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Biden's DOJ drops campaign finance charge against Democratic megadonor Sam Bankman-Fried
Yuki Iwamura/Bloomberg via Getty Images

Biden's DOJ drops campaign finance charge against Democratic megadonor Sam Bankman-Fried

The Department of Justice has dropped its campaign finance violation charge against disgraced FTX founder and Biden donor Sam Bankman-Fried.

What's the background?

Following the November 2022 collapse of his former cryptocurrency exchange FTX, Democratic megadonor Bankman-Fried was hit with eight charges of fraud and conspiracy, including a campaign finance charge.

U.S. Attorney Damian Williams of the Southern District of New York wrote in a December 2022 letter to District Judge Ronnie Abrams, "The Government expects the evidence will show that the defendant violated campaign finance laws by causing political contributions to candidates and committees ... to be made in the names of co-conspirators, when in fact those contributions ere funded by Alameda Research with misappropriated customer funds."

Williams indicated this alleged scheme enabled the Democratic megadonor to evade "contribution dollar limits, corporate donation limits, and donation reporting requirements."

TheBlaze previously detailed how an indictment, unsealed in February in the U.S. District Court for the Southern District of New York, suggested that Bankman-Fried and "co-conspirators made over 300 political contributions, totaling tens of millions of dollars, that were unlawful because they were made in the name of a straw donor or paid for with corporate funds" (i.e., unsuspecting clients' money).

The indictment further accused the Democratic megadonor of seeking to acquire influence by way of these allegedly "unlawful political contributions" as well as to "improve his personal standing in Washington, D.C., increase FTX's profile, and curry favor with candidates that could help pass legislation favorable to FTX or BANKMAN-FRIED's personal agenda."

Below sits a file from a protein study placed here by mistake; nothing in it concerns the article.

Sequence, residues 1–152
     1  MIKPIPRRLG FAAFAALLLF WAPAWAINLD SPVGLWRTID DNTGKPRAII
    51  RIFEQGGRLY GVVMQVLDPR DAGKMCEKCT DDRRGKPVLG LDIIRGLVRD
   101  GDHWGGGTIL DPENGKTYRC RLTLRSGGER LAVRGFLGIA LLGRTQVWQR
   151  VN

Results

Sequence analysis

These efforts appears to have been extra to his ostensibly above-board donations.

Bankman-Fried reportedly donated $10 million to then-candidate Joe Biden in 2020.

The crypto hustler reportedly also hired a network of "political operatives" and spent at least $39,826,856 in an effort to help Democrats win their House races in the November 2022 midterm elections.

Among his beneficiaries were Democratic Sens. Kirsten Gillibrand (D-N.Y.), Cory Booker (D-N.J), and Chuck Schumer (D-N.Y) and former House Speaker Nancy Pelosi (D-Calif.).

Bankman-Fried told Jacob Goldstein of "What's Your Problem?" that he planned to possibly donate "north of $100 million" and up to $1 billion to Democrats in the 2024 presidential elections.

Bankman was extradited from the Bahamas back to the United States on December 21, 2022.

Biden DOJ drops charges

Forbes reported that the Biden DOJ will not pursue a campaign finance charge against Bankman-Fried as a means of placating the Bahamas, which has claimed this charge was not part of its initial extradition agreement with America.

In a Wednesday letter to U.S. District Judge Lewis A. Kaplan, U.S. Attorney Williams indicated that Bankman-Fried had moved to dismiss the conspiracy to make unlawful campaign contributions count on "rule of specialty grounds," but that this had been rejected.

While this motion had been rejected, Williams noted the DOJ subsequently "informed the Court that the United States had sought clarification from The Bahamas regarding whether this count was included in the defendant's extradition."

The Bahamas purportedly came back suggesting it had not intended to extradite the disgraced Democratic megadonor "on the campaign contributions count."

Williams wrote, "In keeping with its treaty obligations to The Bahamas, the Government does not intend to proceed to trial on the campaign contributions count."

Prosecutors removed five other charges against Bankman-Fried last month, punting them to 2024 after a Bahamas court ruling suggested the DOJ may have fouled up the procedure for charging the former billionaire, reported CNBC.

According to the New York Times, Bankman-Fried is now left only facing seven charges at his trial in October, although he will likely face the five punted charges at a subsequent trial.

John P. Fishwick Jr., a former U.S. attorney for the Western District of Virginia, told the Times prosecutors still had "overwhelming evidence against Sam Bankman-Fried" and that he still could face dozens of years behind bars.

Reuters reported that Judge Kaplan tightened Bankman-Fried's bail conditions Wednesday, hitting him with a gag order after he had shared his former lover Caroline Ellison's personal writings with the press, which prosecutors said amounted to more witness tampering.

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Joseph MacKinnon

Joseph MacKinnon

Joseph MacKinnon is a staff writer for Blaze News.
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